Ensemble theatre company founded in Calgary, Alberta in 1991. Theatre Junction was based in the Dr. Betty Mitchell Theatre in the Southern Alberta Jubilee Auditorium in Calgary for fourteen years, interpreting classical, contemporary, and new Canadian plays. Its founding Artistic Director was Mark Lawes.
Theatre Junction's initial mandate was to create exciting and challenging works that stimulate dialogue, to present contemporary plays from the national and international repertoire, and to bring its work to other performance spaces in Canada and abroad. The Company presented a wide range of works by Canadian playwrights, including John Murrell, Dominic Champagne, and Sharon Pollock. It also offered an annual festival of original works over a three-day period, called “Random Acts.”
Following the demolition of the Dr. Betty Mitchell Theatre space in 2016, Theatre Junction relocated to the newly restored Grand Theatre in Calgary, which was built in 1912 as a 1,350-seat vaudeville house, converted to a film house, and then a golf centre. The restored auditorium is flexible in design, and can be reconfigured as a proscenium stage, a theatre-in-the-round, or a thrust stage, and seats between 144 and 400 patrons.
In 2006, Lawes assembled a resident company of artists from different disciplines (theatre, dance, music, literary and visual arts) from Calgary and across Canada, to create original, imaginative performance art. Little Red River and On the Side of the Road (2009) were two parts of a trilogy which explore themes of death, identity and collision of culture and nature within the surreal landscape of the Canadian West. On the Side of the Road began with the image of a young woman on a road carrying a dead deer on her shoulders. It demonstrates the complex relationship of a young French woman with a "wilderness" that is no longer pristine, but contaminated by human pollutants and invasions. In 2016, Theatre Junction mounted Sometime Between Now and when the sun goes Supernova, inspired by the globalization theories of Marshal McLuhan.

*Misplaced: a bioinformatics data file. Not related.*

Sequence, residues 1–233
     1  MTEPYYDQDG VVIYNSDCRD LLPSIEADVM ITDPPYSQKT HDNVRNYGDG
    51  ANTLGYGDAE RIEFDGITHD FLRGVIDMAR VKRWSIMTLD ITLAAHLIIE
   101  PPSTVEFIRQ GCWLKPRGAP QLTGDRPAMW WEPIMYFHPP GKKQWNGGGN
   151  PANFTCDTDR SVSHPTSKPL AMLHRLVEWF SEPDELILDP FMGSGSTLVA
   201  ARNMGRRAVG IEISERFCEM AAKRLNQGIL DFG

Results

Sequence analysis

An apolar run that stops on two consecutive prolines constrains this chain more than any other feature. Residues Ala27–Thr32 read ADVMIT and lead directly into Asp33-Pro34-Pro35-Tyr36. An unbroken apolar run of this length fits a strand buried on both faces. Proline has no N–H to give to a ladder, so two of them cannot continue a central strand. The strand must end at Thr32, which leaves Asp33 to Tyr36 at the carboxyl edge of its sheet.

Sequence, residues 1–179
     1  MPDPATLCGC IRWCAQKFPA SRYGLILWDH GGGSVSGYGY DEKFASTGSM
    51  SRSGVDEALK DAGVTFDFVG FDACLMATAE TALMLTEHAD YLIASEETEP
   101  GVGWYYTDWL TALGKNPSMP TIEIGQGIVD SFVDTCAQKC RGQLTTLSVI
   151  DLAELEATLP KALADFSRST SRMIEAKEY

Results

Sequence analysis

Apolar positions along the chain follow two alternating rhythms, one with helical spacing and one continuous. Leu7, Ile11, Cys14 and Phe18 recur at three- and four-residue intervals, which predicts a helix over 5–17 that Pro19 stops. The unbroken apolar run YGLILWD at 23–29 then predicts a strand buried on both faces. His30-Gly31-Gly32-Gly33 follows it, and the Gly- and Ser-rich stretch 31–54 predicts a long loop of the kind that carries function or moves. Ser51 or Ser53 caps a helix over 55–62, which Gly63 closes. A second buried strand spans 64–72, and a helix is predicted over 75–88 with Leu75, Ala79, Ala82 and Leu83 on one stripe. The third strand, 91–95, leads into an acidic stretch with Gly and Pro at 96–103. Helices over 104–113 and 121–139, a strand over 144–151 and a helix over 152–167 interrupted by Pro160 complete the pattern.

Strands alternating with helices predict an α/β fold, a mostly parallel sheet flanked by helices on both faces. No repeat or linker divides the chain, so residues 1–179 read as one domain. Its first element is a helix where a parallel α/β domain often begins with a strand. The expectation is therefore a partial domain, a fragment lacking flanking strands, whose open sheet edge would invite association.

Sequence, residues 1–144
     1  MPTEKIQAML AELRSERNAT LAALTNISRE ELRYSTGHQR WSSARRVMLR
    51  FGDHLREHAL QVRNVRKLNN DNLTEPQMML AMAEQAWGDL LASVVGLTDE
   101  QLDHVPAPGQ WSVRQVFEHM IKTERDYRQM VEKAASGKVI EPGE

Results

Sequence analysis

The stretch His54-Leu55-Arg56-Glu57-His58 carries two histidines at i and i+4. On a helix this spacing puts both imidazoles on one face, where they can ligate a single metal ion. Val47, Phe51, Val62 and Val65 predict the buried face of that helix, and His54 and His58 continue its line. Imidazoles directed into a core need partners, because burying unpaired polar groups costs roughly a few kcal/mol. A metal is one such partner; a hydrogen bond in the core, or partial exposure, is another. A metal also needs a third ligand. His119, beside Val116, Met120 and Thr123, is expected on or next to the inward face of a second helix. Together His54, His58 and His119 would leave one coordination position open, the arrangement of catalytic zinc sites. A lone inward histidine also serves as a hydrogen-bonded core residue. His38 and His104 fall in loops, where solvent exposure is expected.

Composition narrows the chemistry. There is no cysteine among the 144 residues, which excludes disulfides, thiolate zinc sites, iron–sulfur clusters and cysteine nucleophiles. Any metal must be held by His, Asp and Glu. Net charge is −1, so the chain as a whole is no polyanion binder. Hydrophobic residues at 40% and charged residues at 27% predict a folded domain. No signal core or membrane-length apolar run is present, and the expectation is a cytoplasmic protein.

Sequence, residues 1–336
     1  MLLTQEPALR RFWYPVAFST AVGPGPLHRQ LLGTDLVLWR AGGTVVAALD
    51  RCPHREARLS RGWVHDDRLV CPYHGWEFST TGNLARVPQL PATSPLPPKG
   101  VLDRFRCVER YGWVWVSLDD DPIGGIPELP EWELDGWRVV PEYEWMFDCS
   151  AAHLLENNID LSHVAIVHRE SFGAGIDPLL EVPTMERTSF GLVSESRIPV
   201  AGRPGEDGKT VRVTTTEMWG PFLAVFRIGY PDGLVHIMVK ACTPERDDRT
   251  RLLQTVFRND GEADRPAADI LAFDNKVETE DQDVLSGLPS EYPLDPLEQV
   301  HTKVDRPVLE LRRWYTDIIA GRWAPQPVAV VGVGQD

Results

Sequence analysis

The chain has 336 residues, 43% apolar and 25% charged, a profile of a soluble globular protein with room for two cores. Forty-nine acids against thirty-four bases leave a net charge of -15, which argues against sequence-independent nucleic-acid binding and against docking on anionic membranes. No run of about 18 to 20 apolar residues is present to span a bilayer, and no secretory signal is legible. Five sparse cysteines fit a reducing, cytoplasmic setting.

Theatre Junction also hosted other Canadian productions, such as Concrete Floral by Toronto playwright, Jordan Tannahill (April, 2016); and international performances, such as Do Animals Cry from Belgium, and The Spaghetti Western Orchestra from Australia.
In July 2018, a financial crisis and an accumulated deficit of half a million dollars forced the closure of Theatre Junction in Calgary. It relocated to Montreal, where it continues as a bilingual multidisciplinary live arts ensemble, led by co-artistic directors Mark Lawes and Raphaële Thiriet.
Profile by Anne Nothof, Athabasca University
Last updated 2021-01-20